Tips for caring for your clothes from a women's magazine, ca. 1940-45, mending thin spots before they become holes.
Where museum pieces may never be worn vintage is something that can be used on a daily basis. Wearing vintage however requires a different mindset towards garments as when you are wearing modern pieces. This does not mean you can't do your everyday chores in a vintage dress, though there's always a chance of things getting damaged. Working with museum collections has made me more relaxed when wearing vintage through the knowledge that truly expetional pieces are being preserved in these institutions.
Tips for caring for your clothes from a women's magazine, ca. 1940-45, hanging out your clothes instead of throwing them over a chair
Illustrations from a booklet with washing instructions (ca. 1937), washing carefully, rinsing with vinigar, rolling into a towel and drying on a hanger.
Most old clothes are not made to be washed frequently as they used to harly wash them at all back in the day. The Dutch fashion jounalist Constance Wibaut advised women to wash their nylon underwear once a week, even if it was black, in 1958. And that's underwear, the layers that came on top were hung out and only washed if they were really dirty.
You can wash a lot of vintage but just like grandma's old dishes can't be put in the dishwasher you'd be wise to wash your vintage by hand. Instructions from the period are often handy when figuring out how to do this. They unanimously advise to check if the color will bleed before washing first. This may be done by rubbing a wet piece of cloth over a piece of the fabric in a place where a stain would not be visible. If there's a lot of color on the cloth washing has to be done carefully and rather quickly. To reduce colors from bleeding vinigar or salt can be added to the water.
Another important point is to use water that is not too hot and to take care the water for washing and rinsing is of the same temperature, to prevent shrinking. Rayon crêpe is prone to shrinking but can be pulled or ironed back into shape. Washing is always a gamble though. When in doublt or with dresses with a lot of embelishment it is better to go to a good dry-cleaner's. Be careful with early plastic zips and sequins though, they can melt when being dry-cleaned (sequins may also dissovle in water).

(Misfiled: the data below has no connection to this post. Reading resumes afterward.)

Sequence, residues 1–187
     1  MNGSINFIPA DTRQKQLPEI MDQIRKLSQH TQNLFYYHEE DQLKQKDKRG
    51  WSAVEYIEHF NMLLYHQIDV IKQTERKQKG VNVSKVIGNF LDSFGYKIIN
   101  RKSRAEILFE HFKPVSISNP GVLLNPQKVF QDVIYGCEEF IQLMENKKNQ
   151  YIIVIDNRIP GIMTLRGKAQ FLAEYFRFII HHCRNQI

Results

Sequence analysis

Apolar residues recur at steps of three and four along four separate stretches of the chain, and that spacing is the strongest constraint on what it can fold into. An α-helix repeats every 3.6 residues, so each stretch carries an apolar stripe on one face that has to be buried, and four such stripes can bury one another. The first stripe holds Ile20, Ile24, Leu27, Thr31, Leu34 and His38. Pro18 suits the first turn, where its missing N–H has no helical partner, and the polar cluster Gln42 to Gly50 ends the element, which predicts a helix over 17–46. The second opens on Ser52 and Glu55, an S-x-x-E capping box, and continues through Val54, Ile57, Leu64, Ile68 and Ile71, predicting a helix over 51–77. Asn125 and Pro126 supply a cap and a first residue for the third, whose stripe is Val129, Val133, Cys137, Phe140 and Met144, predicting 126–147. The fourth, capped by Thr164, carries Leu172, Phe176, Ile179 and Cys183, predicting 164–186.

Add for deoderant from 1939, showing that it's use was all but common, Odo-ro-no add from 'Het Rijk der Vrouw'
Because clothes were not washed as often and deoderant was not at all generally used clothes smelling of sweat is a common problem. I smell the pits of clothes before I buy them but the smell can also only become noticeable through heat (from wearing or ironing).
Washing or dry-cleaning does not remove old sweat most of the time. There are some cheap trics to tackle the problem like treatments with vinigar and/or baking soda. More extensive descriptions on how to do this can be found in two blogs I've written a while ago (see links at the end of this blog).
As vintage is often in need of repair it is handy to have basic sewing skills. Popped seams for example are very common but as the fabric isn't broken (only the threads are) it is solved by stitching it back togehter on the original seam. Darning is unkown to many of us but it can save many dresses with wear, holes or even tears. Especially when the fabric has a print many things an be mended almost invisibly. When the fabric is thin putting a piece of fabric underneath can also prevent the forming of actual holes.
I'm very careful when altering a piece of over 60 years old and won't do anything that will drastically change the original design or cut away any fabric. In the back of my mind are all the lovely 30's dresses I've found that were cut short in the '70's.
Because clothes were made to measure there's a good chance they will not fit exactly. This may not always be a problem but sometimes alterations are benificial. Taking things in is not that hard especially when there are darts already. Taking things out is more of an effort and can be visible, but because seams were more generous at least there is more fabric to work with.
To conclude this blog I'd like to stress that you should enjoy wearing vintage and not be affraid of things getting damaged. Something can always go wrong but they are only clothes after all, and with some common sense a lot can be prevented.
In previous blogposts I've described washing and mending in more detail:
From frump to fab: mending and washion a vintage dress
Cleaning my summer coat: how to use baking soda to remove body odour
More information on caring and cleaning can be found on the website of The Vintage Fashion Guild
In the next and last blog in these series I'll discuss my personal style, etiquette and styling rules from the 30-50's and how to compose an entire vintage look.